In 2021 Newberg gained national notoriety after highly the publicized banning of LGBT and BLM symbols at its school board Richards, Zoe (September 29, 2021). ""Newberg, Oregon School District Sinks to New Low"". The Daily Beast.. The latest in a series of racism scandals in the greater Portland metro area, the bans were later reversed.


Newberg is located on Oregon Route 99W, approximately 25 miles (40 km) southwest of Portland. Springbrook, once a separate community, is now considered part of Newberg.

According to the United States Census Bureau, the city has a total area of 5.81 square miles (15.05 km2), all land.[13] It averages 176 feet (54 m) in elevation.


Newberg, like Portland, has a warm-summer Mediterranean climate (Köppen Csb) with cool and cloudy winters, and warm and dry summers.[14][full citation needed] This climate is characterized by having overcast, wet, and changing weather conditions in fall, winter, and spring, as Newberg lies in the direct path of the stormy westerly flow, and mild and dry summers when the Pacific High reaches its northernmost point in mid summer.[15] According to the Köppen climate classification, Newberg falls within the dry-summer temperate zone (Csb).[15][16] with a USDA Plant Hardiness Zones between 8b and 9a.[17] Other climate systems, such as the Trewartha climate classification, place it within the oceanic zone (Do), like much of the Pacific Northwest and Western Europe.[18]

Winters are cool, cloudy, and rainy. The coldest months are December and January, with an average daily high of 46.0 °F (7.8 °C), although overnight lows usually remain above freezing by a few degrees. Evening temperatures fall to or below freezing 33 nights per year on average, but very rarely to or below 18 °F (−8 °C). There are only 2.1 days per year where the daytime high temperature fails to rise above freezing. The lowest overnight temperature ever recorded was −3 °F (−19 °C).

Annual snowfall in Newberg falls during the December-to-March time frame. Newport, for example, has more frequent snow than Portland, due in part to higher elevations near the West Hills and Mount Tabor, so can experience a dusting of snow while downtown Portland receives no accumulation at all.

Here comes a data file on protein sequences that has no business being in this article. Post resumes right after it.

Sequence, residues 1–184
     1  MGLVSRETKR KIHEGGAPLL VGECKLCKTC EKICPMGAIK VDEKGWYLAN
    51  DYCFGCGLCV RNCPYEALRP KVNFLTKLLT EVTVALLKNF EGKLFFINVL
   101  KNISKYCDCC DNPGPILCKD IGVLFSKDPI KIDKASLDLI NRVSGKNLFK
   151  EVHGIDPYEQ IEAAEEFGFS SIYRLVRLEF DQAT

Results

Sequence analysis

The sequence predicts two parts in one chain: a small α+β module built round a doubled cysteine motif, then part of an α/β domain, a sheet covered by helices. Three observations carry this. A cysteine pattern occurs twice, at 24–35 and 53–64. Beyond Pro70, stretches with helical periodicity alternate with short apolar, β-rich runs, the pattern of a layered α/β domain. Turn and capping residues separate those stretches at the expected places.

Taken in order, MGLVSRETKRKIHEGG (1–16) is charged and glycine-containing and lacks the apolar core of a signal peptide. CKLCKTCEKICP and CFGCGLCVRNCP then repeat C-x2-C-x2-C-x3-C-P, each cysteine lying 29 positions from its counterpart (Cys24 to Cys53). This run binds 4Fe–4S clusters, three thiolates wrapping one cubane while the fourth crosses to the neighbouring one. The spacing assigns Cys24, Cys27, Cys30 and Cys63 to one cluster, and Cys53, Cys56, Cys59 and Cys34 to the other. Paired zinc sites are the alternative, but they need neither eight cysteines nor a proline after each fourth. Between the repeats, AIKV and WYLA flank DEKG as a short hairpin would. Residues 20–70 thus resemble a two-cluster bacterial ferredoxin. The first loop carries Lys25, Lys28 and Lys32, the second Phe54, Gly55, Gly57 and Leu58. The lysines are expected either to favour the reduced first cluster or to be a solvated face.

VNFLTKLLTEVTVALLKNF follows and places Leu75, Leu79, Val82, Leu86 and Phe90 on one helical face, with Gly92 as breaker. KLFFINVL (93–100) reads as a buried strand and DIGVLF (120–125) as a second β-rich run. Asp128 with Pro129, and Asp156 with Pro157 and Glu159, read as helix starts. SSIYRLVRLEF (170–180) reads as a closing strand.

Summers in Newberg are warm, occasionally hot, dry, and sunny, though the sunny warm weather is short-lived, from mid June through early September. The months of June, July, August and September account for a combined 4.78 inches (121 mm) of total rainfall – of the 39.95 in (1,015 mm) of the precipitation that falls throughout the year. The warmest month is July, with an average high temperature of 80.0 °F (26.7 °C). Because of its inland location 70 miles (110 km) from the coast, as well as the protective nature of the Oregon Coast Range to its west, Newberg summers are less susceptible to the moderating influence of the nearby Pacific Ocean. Consequently, Portland experiences heat waves on rare occasion, with temperatures rising into the 90 °F (32 °C) for a few days. However, on average, temperatures reach or exceed 80 °F (27 °C) on only 56 days per year, of which about 12 days will reach 90 °F (32 °C) and only 1–2 days will reach 100 °F (38 °C).

Spring and fall can bring variable weather, including warm fronts that send temperatures surging above 80 °F (27 °C) and cold snaps that plunge daytime temperatures into the 40s °F (4–9 °C). However, lengthy stretches of overcast days beginning in mid fall and continuing into mid spring are most common. Rain often falls as a light drizzle for several consecutive days at a time, contributing to 152 days on average with measurable (≥0.01 in or 0.25 mm) precipitation annually.